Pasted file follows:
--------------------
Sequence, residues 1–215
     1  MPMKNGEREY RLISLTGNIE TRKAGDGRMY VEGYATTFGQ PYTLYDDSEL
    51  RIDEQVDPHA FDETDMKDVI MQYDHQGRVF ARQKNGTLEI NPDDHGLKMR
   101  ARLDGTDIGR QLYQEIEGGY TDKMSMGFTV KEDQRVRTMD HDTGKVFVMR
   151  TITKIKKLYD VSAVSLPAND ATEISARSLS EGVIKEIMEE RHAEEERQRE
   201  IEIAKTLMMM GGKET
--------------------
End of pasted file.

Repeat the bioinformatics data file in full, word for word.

Sequence, residues 1–215
     1  MPMKNGEREY RLISLTGNIE TRKAGDGRMY VEGYATTFGQ PYTLYDDSEL
    51  RIDEQVDPHA FDETDMKDVI MQYDHQGRVF ARQKNGTLEI NPDDHGLKMR
   101  ARLDGTDIGR QLYQEIEGGY TDKMSMGFTV KEDQRVRTMD HDTGKVFVMR
   151  TITKIKKLYD VSAVSLPAND ATEISARSLS EGVIKEIMEE RHAEEERQRE
   201  IEIAKTLMMM GGKET